Monday, 16 December 2013

Ulysses, and Literary Cluedo.

So we go on capping these resemblances, and each time we succeed, dipping now into the novel, now into the letters, a little glow of satisfaction comes over us, as if novel-reading were a game of skill in which the puzzle set us is to find the face of the writer. 
- Virginia Woolf, The Common Reader Series II
James Joyce wrote that in Ulysses, he "put in so many enigmas and puzzles that it will keep the professors busy for centuries arguing over what I meant". Both long and exceedingly complex, Ulysses is one of the most alarming books in literature. It seems impossible to simply read it: I feel as though I need to be armed with Homer, a history of Ireland, a book on World War I, The Portrait of an Artist, several biographies on Joyce, and as many study guides I can possibly lay my hands on. Owing to time constraints, I've contented myself with reading the introduction to my silver Penguin, written by Declan Kiberd. Kiberd writes so apparently effortlessly, but I'm not reassured. Furthermore, he writes,
For a long time, criticism of Ulysses became little more than a detective game of literary Cluedo.
By Stuart Gilbert. Large version here.
Take from Dvnia Joyce.
Literary Cluedo is, I feel, the only chance I have with this, despite Virginia Woolf's warning in The Common Reader that this is no way to read a novel. Clearly, when my most favoured and familiar genre is Naturalism and Realism (Kiberd writes, "Farewell Zola, goodbye Flaubert"), Modernism is, at least, somewhat of a concern, despite my familiarity with Virginia Woolf. Every time I plan to read it, and it has so far left me defeated, I've had a hundred webpages open; all kinds of maps and guides. But that makes it so much worse: that table by Stuart Gilbert (here) is frankly horrifying.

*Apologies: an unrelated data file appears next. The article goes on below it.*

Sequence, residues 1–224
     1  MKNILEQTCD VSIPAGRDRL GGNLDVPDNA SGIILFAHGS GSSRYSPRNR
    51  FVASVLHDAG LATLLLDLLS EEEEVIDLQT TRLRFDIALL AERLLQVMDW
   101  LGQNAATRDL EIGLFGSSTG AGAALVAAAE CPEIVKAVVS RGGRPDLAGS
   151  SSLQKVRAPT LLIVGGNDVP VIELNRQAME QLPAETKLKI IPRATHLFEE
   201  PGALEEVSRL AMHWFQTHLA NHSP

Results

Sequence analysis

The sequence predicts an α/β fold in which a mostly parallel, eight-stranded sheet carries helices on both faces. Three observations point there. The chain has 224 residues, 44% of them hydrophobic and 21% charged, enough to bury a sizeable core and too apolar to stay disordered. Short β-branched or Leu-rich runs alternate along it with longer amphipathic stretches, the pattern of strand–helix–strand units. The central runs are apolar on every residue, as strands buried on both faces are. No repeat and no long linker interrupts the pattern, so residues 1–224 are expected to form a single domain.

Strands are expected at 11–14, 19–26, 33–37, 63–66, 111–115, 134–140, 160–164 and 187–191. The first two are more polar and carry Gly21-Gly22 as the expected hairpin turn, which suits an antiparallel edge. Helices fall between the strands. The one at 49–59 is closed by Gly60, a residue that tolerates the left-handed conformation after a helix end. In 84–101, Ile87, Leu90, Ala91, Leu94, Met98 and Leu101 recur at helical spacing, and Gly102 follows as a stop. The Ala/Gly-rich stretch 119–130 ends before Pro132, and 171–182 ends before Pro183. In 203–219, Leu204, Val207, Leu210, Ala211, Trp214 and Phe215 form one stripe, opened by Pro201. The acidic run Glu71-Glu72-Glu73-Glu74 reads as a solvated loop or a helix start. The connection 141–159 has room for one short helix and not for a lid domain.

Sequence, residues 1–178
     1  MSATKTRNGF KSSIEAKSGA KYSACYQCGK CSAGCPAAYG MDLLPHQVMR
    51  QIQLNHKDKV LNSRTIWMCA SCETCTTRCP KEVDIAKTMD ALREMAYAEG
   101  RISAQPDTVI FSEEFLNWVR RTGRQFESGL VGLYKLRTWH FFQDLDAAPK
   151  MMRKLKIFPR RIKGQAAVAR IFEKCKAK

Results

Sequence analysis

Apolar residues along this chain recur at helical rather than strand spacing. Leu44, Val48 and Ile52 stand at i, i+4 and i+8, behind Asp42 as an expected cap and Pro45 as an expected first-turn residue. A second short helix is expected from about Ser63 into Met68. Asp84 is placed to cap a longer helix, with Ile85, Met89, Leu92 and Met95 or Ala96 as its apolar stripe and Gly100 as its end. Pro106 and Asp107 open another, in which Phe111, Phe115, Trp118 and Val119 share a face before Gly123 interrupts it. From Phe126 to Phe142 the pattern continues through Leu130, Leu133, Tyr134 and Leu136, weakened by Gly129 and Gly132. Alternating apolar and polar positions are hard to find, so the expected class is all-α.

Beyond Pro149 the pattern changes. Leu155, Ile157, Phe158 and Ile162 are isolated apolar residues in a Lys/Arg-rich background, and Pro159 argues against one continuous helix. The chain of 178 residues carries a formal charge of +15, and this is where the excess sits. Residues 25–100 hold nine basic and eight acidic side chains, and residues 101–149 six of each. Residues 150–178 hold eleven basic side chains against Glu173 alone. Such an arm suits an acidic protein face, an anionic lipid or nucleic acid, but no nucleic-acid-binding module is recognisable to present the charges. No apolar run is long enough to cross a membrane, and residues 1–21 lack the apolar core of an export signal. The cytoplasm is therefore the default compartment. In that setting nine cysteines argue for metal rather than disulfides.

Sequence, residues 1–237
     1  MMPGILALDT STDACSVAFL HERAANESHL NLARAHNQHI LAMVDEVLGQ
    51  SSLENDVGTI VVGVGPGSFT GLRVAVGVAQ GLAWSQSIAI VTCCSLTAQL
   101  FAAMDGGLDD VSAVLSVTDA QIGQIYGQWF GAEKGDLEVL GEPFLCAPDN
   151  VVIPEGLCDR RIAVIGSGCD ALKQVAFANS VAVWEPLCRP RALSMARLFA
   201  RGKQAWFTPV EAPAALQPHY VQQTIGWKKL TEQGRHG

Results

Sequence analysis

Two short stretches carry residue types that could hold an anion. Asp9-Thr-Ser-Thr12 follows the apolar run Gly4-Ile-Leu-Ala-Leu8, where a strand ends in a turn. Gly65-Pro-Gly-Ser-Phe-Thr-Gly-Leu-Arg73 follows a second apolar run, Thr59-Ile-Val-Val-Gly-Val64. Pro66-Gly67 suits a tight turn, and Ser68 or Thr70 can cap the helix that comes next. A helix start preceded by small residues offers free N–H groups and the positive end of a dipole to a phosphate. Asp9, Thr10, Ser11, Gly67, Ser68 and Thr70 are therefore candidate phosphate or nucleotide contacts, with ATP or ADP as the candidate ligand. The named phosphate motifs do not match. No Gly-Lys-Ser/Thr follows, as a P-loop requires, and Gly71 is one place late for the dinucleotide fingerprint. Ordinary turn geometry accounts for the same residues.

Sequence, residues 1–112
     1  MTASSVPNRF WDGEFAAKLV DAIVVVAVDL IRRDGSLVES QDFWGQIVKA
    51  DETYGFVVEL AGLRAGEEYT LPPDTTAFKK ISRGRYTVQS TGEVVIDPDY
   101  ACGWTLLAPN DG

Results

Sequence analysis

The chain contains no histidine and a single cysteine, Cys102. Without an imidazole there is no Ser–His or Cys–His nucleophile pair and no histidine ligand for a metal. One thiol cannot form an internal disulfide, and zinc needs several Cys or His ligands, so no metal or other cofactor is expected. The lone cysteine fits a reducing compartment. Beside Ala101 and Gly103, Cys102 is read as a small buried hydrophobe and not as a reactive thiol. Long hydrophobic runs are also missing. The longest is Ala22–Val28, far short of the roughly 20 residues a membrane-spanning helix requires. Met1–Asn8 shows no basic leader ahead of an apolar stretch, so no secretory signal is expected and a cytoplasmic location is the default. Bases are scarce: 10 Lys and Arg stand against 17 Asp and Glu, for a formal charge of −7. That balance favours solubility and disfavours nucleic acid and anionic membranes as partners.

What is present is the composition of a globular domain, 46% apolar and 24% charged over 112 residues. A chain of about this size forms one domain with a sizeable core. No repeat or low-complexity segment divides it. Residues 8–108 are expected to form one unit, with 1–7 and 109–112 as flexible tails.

So, when I start reading Ulysses later today along with Adam and a few others, I am going to do just that, and only that: read it. I may, it is true, consult Apollodorus (The Library of Greek Mythology) for a reminder of Homer's The Odyssey, and it is possible that, having read a section, I will do a little further reading. But Kiberd's introduction is my only prep, and only after reading a part will I seek further material.

And, Kiberd suggested it may help to read aloud - I may perhaps do this also, with the budgies as an audience. Not all of it, though. 

Adam suggests that we read about 40 pages or so a day. I looked at the different parts, and thought it best to read one part a day six days a week, however there are a few parts that could not be read and understood in a single day. I want to get ahead slightly today, and then follow his advice. 

Wish me luck!


  1. I wish I was reading this with the group. It's a matter of too many books, too little time for me. You have done so much research on Ulysses already, I'm sure you will make some wonderfully insightful posts!

    Again, this is another "books I live in fear of" category. Thanks for exposing me to my demons! ;-)

    1. I wouldn't be so sure! Going to write a post later, the crux will be that I really got into the first and second part, and was hopelessly confused by the third :S

    2. I'm sure you're just joining others in their confusion. Me? I'm confused and I haven't even started the book yet. ;-)


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